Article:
James – Yeah, and I mean, there’s no really easy way around that. As I mentioned before, we didn’t want to make the tutorial so long and complex that you’re taught every single Operative. I think the main thing is you can still get in there, run around, shoot, collect things with each Operative. You don’t need to necessarily master their abilities right away, because they do have standard weapons – you can run, jump and shoot your sniper rifle, rocket launcher, machine gun, shotgun… The goal is that you can play, pick the characters and learn how their abilities work and how to use them effectively over time.
TSA – How do you feel that the general dynamics of the game change when going from 1v1 to 2v2? You’ve got someone to collaborate with, an extra round to share between you…
James – I think really the strategic part changes a lot. You become dependent on communication and your teammate doing the right thing. You’re working together, so if you have a team that’s discussing tactical elements and the other team isn’t, then for sure, you’re going to win. A big part of it is the human to human communication.
In terms of the plays, once you get in to take your 25 second turn, it’s fairly straight forward. The difference between 1v1 and 2v2 isn’t so much, because you’re really just focussing on moving that character, so I think it’s more about communicating effectively and working as a team.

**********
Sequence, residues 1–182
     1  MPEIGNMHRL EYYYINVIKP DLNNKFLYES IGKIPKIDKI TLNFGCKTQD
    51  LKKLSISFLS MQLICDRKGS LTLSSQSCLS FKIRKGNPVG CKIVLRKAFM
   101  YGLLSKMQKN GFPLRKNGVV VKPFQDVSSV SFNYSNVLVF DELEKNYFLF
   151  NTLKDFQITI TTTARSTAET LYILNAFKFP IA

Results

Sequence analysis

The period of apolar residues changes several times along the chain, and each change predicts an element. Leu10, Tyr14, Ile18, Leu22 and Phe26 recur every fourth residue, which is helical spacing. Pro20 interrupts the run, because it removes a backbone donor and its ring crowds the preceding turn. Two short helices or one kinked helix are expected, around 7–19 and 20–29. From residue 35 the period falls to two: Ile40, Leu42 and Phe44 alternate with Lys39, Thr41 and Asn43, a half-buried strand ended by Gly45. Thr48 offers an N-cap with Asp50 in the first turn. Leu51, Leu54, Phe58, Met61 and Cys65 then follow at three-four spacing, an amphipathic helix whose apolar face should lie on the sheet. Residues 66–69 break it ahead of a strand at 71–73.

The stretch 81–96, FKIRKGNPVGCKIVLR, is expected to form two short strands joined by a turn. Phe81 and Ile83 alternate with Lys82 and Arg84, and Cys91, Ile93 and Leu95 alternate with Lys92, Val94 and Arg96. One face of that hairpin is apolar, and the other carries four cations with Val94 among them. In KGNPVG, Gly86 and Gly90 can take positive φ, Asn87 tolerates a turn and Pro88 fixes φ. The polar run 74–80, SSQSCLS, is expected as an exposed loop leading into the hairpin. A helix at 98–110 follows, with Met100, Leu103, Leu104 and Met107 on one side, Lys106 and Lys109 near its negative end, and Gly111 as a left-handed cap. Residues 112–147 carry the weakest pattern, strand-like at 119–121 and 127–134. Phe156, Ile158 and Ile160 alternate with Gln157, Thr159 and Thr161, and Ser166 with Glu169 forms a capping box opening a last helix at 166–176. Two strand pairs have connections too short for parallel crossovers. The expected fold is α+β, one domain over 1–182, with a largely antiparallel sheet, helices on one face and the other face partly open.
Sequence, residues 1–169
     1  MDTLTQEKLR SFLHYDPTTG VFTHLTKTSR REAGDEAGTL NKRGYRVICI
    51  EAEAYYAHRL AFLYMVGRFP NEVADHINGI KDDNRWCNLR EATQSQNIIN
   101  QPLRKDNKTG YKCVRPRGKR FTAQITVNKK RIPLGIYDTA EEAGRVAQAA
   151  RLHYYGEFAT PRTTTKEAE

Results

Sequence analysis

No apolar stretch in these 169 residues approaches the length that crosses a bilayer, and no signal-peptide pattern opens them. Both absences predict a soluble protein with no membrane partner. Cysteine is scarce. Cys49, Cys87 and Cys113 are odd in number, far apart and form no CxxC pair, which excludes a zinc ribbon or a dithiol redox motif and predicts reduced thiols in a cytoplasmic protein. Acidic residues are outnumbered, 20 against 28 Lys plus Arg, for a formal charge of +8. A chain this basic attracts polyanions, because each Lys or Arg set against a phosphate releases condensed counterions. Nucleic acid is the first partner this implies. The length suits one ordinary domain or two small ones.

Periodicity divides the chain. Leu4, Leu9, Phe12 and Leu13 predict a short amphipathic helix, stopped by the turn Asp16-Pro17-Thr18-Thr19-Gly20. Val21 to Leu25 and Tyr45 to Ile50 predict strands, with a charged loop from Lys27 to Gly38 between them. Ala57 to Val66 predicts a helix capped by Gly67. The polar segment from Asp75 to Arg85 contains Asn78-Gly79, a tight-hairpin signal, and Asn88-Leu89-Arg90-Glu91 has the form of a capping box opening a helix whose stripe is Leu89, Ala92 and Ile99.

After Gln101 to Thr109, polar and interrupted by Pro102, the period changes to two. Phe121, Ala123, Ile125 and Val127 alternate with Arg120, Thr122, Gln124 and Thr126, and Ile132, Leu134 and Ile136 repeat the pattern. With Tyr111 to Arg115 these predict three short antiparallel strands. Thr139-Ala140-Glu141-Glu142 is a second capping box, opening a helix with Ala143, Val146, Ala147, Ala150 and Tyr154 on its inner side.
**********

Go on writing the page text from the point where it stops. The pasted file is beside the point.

TSA – Finally, what would be your biggest tip for success? What’s the thing that you think gives you an advantage over someone that has only just started playing?
James – Wait, wait, wait. Are you asking me to reveal my advantageous secrets? I have a few in mind, actually.
Probably the most basic thing is: don’t cluster your Operatives together in the same spaces. Nearly everybody does this; you have this mental pattern and you want to run in the exact same path, and you have to learn to break that habit and send your Operatives on different paths so they’re not easy targets for a single rocket or a single explosive. I’ve seen four or five team members get taken our by one grenade because that player was just running the same path.
I’ll give you that, but that’s all! I do have some others, but I don’t want to spill the beans too early! That’s part of the fun, right? Discovering what to do.
TSA – See, now game directors and developers are notorious for being good at their game, right up until the day of launch when it turns out that they actually suck compared to the rest of the world. So you’re hoping to make it, like, two weeks before you suck?
James – Yeah! I want to give myself a little bit of enjoyment, you know? [chuckles]
Nah, I’m sure when the game comes out, we’re going to get absolutely spanked.